i think you are looking at this with rather protective eyes, instead of just taking it for what it is--a criticism based on talking to experts within the industry. for example, nowhere in the report does it stipulate the gov't would like the company to sell, or would like more of these kinds of products, or a requirement to sell trucks. it notes all the hurdles in selling trucks in the coming years, fuel economy standards and the public's increasing appetite for smaller cars included, and notes GM will no longer be able to sell as many as before. they don't give a prescription for how to solve the problems because that is not thier job! their job was to accurately asses GM's own solutions to GM's problems....and dealing with whether those solutions were really going to bring profitability. they've determined those solutions will only continue to sink the company. this is consistent with what Obama has been saying all along about how we would treat this situation if you've been following him and not looking at this with eyes closed [not referring to you specifically, but other posters here today especially]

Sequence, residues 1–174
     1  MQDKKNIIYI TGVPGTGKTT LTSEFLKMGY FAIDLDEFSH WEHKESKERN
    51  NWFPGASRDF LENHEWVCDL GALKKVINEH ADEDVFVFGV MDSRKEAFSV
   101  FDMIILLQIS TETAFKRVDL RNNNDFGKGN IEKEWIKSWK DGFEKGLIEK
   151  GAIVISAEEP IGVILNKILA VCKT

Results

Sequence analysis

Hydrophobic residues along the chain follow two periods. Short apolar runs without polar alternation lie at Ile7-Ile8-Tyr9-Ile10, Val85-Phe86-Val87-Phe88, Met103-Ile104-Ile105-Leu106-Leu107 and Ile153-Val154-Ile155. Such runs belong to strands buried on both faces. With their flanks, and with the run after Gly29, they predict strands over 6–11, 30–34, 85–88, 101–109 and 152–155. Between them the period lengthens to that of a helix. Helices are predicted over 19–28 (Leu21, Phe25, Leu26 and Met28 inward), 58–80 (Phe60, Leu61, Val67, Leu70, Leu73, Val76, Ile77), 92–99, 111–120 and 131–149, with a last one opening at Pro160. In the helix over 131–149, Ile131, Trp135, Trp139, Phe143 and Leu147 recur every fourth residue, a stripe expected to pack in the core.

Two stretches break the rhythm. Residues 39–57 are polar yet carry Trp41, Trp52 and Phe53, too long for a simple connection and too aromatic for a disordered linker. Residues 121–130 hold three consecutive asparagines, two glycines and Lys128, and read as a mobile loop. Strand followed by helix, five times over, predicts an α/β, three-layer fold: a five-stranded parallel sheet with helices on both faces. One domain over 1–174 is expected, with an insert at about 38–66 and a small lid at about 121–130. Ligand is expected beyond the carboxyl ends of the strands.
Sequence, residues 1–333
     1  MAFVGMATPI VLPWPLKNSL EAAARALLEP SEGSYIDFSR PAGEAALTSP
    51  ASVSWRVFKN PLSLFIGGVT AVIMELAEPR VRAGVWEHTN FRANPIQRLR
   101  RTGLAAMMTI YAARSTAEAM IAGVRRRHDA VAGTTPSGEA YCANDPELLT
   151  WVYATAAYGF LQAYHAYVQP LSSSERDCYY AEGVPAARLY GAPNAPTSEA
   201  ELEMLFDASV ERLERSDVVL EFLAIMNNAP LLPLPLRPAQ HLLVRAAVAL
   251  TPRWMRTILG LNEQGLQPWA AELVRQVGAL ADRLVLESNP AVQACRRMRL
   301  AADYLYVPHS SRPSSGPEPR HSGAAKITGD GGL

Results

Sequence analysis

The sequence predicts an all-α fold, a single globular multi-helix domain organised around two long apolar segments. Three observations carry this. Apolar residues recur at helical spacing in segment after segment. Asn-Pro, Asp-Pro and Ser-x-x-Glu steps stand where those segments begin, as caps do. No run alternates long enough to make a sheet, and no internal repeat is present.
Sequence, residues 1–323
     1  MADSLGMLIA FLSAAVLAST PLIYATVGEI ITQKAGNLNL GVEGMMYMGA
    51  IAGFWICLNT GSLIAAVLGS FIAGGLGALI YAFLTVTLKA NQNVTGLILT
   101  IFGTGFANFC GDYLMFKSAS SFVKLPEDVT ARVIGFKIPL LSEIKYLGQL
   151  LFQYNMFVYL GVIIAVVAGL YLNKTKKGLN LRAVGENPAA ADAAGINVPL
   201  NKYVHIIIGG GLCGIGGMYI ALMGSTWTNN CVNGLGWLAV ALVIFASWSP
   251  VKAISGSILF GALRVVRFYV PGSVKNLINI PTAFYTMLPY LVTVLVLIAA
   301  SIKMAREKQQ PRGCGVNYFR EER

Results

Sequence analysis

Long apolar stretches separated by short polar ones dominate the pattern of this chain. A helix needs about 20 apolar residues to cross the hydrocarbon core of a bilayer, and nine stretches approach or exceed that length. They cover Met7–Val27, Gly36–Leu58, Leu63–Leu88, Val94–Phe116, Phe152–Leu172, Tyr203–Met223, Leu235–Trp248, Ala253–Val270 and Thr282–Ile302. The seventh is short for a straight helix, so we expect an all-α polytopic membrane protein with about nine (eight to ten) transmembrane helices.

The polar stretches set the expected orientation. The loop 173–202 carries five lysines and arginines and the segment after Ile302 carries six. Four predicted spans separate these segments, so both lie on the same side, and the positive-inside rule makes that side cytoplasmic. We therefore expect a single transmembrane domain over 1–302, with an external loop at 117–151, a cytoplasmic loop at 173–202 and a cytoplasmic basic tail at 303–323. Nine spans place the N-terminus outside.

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Was that an annual or monthly loss rate? I would assume 2-3% per year loss of market share would be more realistic.

29% was what they were at in 2001, i beleive, and last year they were ~22%.

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I'm quite surprised anyone realistically thought GM was going to make its way out of this intact. The changes up to now have been anything but drastic in order to literally save the company from expiring. It's almost as though everything up to now has been given the 'wait and see' approach. At times when conditions were less than favourable for a company of our family to remain afloat during times in the 80's, a hard look at what services pulled too many resources and employees, took too long to generate cash flow and received too few profits were immediately axed to eliminate the debts their operations created. We lost those related clients, but we didn't need them to survive.

GM won't retain or emerge with more marketshare any time soon, regardless of the changes they make. If they cannot sustain themselves with all brands and just fewer model lines, I truly believe they can make a go with less brands and advance the major brands with better focus. To continue the way it is will be a slow death. Apparently few here can accept change; however, GM simply cannot make a single change without someone here declaring it a big mistake.